The marketing value of CME

October 16, 2006
Steven R. Renard
Steven R. Renard

Three-T MR, 64-slice CT, PET, and PACS -- each represents a marked advance in clinical capability, just as each has widened the gap between what can and what might be done. A major factor in the size of this gap is continuing medical education.

Three-T MR, 64-slice CT, PET, and PACS - each represents a marked advance in clinical capability, just as each has widened the gap between what can and what might be done. A major factor in the size of this gap is continuing medical education.

Understanding and knowledge are essential to the proper and safe utilization of these modalities. Here vendors can not only help referring physicians understand the products and services the vendors offer, but they can also help physicians meet annual CME requirements, which seem to be increasing year by year.

Surgical instrument and pharmaceutical companies have perfected the use of CME and training. For example, if a new lumbar prosthetic disc is developed, it doesn't just get dropped off at the orthopedist's office with a set of instructions. Vendors provide CME to physicians so they can properly use the vendors' products. They also offer training and videoconferencing. Some vendors even provide onsite surgical technicians to assist a surgeon during the procedure, until he or she becomes accustomed to using the device.

But outpatient imaging is a different world. With new applications, more images, thinner slices, greater image quality, and advanced PACS, surgeons are relying more on imaging tools than ever for their treatment plans. Yet the only resources vendors typically offer are Web sites and pamphlets - tools that are ineffective for the majority of the referring community.

What good is a Web viewer or a CD full of images to a surgeon if he or she can't run the program or use the data? Many tasks that seem simple to us in the imaging arena are challenges for most surgeons and referring physicians. Not because they are computer-illiterate, but because they don't have the time to review manuals and learn the technology on their own. This is precisely why many physicians still require films and resist the migration to digital.

Film is easy and comprehensible. Many referring offices that work with my firm have an elementary understanding of computer informatics. But as centers add new hardware, upgrade PACS, and train themselves, referring physicians remain in the dark. Advances in applications and hardware can be important to physicians' surgical preplanning, if surgeons can take advantage of them. Vendor CME cooperation that can be seen in university settings is lacking in the outpatient arena.

From both clinical excellence and patient care perspectives, CME courses not only add value to the treatment planning process but positively affect outpatient centers' marketability. Such courses afford referring doctors the chance to see the facility, meet the radiologists and staff, and extend the relationship beyond telephone conversations and delivering cookies.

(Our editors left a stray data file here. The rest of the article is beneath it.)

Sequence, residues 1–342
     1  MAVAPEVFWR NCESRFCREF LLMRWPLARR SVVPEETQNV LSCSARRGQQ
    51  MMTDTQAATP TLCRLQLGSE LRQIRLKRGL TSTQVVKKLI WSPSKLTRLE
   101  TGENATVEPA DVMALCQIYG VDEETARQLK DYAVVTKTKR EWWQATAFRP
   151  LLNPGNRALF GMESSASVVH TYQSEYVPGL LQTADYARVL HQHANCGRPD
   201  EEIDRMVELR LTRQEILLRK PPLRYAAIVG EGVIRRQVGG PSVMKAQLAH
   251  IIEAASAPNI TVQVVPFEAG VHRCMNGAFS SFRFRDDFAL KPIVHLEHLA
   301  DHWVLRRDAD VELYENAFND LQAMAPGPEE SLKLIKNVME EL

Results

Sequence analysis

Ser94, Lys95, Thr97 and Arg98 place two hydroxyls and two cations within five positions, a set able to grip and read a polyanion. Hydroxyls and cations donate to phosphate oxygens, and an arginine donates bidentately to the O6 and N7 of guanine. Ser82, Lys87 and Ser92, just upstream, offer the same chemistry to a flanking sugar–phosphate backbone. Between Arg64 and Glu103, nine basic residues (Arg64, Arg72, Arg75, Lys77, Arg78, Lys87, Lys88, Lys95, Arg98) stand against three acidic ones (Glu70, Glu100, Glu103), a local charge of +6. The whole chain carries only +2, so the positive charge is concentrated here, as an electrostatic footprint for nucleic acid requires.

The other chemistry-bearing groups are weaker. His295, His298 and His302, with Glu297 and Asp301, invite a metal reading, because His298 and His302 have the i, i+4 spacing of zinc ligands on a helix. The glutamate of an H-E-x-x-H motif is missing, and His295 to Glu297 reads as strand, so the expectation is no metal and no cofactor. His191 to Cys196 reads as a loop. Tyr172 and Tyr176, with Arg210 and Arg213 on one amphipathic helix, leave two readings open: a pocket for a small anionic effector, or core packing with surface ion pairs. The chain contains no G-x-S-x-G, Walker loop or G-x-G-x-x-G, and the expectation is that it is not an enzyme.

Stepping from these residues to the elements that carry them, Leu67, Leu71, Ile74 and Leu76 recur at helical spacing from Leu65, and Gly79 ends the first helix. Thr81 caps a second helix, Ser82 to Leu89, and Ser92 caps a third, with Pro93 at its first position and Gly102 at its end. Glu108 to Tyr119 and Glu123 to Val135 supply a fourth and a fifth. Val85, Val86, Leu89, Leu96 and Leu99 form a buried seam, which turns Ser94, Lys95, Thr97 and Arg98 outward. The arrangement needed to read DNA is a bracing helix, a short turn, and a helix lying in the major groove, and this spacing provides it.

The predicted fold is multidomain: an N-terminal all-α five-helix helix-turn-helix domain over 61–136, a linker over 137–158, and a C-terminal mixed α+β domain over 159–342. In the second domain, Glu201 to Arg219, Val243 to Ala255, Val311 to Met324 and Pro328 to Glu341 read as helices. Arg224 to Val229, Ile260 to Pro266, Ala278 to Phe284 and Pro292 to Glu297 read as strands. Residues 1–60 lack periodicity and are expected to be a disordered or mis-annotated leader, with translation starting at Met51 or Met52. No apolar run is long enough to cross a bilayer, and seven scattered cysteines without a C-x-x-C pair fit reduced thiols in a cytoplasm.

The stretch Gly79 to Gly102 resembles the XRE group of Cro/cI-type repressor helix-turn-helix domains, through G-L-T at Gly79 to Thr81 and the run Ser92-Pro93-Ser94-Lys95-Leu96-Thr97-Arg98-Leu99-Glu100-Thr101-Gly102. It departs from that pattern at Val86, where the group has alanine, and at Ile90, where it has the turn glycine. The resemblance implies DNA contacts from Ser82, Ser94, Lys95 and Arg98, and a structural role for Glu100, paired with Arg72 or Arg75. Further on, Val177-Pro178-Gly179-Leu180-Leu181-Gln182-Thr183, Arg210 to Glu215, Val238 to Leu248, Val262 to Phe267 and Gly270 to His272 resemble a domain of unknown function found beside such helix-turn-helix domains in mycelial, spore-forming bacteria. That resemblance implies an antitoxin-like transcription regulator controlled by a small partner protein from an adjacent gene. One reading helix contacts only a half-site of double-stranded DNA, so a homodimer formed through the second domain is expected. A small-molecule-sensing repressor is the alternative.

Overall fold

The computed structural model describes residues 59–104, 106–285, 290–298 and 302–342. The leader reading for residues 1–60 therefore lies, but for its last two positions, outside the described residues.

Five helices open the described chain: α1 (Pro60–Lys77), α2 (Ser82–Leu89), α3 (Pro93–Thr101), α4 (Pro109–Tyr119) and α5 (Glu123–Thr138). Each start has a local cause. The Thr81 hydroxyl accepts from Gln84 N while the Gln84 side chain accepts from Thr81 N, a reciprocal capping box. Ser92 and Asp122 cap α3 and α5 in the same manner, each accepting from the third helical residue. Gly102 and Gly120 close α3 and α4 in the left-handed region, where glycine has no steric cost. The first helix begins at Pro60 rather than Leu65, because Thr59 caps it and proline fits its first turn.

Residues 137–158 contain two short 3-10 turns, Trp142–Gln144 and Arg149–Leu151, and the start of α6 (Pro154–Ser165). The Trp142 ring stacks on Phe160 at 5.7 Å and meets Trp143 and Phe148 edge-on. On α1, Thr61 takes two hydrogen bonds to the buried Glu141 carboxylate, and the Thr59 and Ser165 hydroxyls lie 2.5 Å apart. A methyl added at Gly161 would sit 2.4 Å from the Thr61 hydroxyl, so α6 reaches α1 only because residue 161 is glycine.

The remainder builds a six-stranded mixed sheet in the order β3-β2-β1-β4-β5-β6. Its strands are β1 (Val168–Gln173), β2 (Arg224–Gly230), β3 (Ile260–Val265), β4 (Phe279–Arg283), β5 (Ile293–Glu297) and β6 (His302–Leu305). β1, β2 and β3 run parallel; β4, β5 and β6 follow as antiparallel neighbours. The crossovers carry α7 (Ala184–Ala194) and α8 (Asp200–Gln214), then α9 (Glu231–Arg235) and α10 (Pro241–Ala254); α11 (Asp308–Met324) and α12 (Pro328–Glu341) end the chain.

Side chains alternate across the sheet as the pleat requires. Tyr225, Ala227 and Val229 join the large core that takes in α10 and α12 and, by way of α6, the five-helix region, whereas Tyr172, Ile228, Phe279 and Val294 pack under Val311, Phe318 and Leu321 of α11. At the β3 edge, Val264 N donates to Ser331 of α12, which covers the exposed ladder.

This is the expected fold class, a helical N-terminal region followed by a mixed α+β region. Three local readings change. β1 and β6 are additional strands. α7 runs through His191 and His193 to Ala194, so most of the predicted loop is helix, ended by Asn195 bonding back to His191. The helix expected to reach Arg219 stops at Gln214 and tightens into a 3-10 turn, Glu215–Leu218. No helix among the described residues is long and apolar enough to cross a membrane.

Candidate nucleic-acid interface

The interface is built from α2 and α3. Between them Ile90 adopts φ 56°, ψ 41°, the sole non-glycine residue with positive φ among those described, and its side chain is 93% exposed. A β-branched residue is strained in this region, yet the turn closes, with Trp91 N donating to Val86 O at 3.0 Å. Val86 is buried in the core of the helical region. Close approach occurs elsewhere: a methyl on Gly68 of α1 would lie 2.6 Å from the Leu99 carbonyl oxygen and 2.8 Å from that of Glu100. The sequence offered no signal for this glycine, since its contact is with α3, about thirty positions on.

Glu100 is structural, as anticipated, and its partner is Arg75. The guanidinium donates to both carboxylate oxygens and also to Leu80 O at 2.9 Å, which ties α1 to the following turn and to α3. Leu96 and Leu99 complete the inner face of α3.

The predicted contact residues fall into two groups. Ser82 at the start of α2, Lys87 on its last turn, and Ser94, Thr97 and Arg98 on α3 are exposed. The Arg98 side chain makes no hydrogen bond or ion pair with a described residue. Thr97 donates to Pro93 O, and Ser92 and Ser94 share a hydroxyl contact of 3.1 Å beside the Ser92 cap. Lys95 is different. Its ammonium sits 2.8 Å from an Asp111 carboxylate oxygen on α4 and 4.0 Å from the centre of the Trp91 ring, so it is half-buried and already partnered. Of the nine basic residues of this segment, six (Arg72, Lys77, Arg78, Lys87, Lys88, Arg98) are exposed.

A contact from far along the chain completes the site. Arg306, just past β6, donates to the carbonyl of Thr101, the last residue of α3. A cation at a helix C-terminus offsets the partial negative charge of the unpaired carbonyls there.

Outpatient centers need help to set up these CME courses, and vendors can provide that help.

Most centers are not experienced in setting up large group meetings. Identifying meeting places, coordinating catering, and organizing other details are value-added tasks with which vendors can assist customers. A professional presentation does a lot to improve the image of both the center and the products the vendors are selling. The vendor's expertise in organizing helps ensure such a presentation.

Developing presentations, even using tools such as Microsoft's PowerPoint, takes time, knowledge, and expertise. Vendors can bring this knowledge to the table. For example, LPMI recently presented a 1.5 CME credit on cardiac CT angiography to local cardiologists and internists. It was a huge success, but pulling it together took a lot of work. Radiologists, along with marketing and technical staff, had to spend hours gathering information from three different vendors to plan and present the course.

Most centers lack the financial resources necessary to develop an effective CME program and to meet the requirements and restrictions of putting on a CME course. First, there is an $8000 application fee and the required completion of an extensive, tedious submission booklet. After the paperwork is filled out and the fees paid, the program content must be reviewed. This entails a significant amount of work, which can be difficult for small imaging centers and radiology groups with limited staff.

Another way to offer these credits is to go through companies known as CME providers or brokers. These firms will do most of the application filing and course review work. But they charge $1000 to $2000 per course to certify the curriculum and assure that doctors receive CME credit. This is the least expensive way to offer CME, if you are only planning for one or two each year.

Some medical imaging vendors can offer CME courses to their customers because they have already established appropriate programs that can be coordinated with the outpatient centers. Vendors that do not have an established CME program in place, however, should work to develop one for both new applications and hardware upgrades pending release. It could prove to be a value-added benefit or a purchased option for those customers acquiring new equipment, hardware, software, or applications upgrade.

In short, the right CME program benefits all parties: vendors, imaging centers, and the medical community.

Steven R. Renard is president and chief operating officer of Encino, CA-based Liberty Pacific Medical Imaging, which owns and operates medical diagnostic imaging centers, primarily in California. Liberty Pacific also provides third-party management, consulting, and medical development services.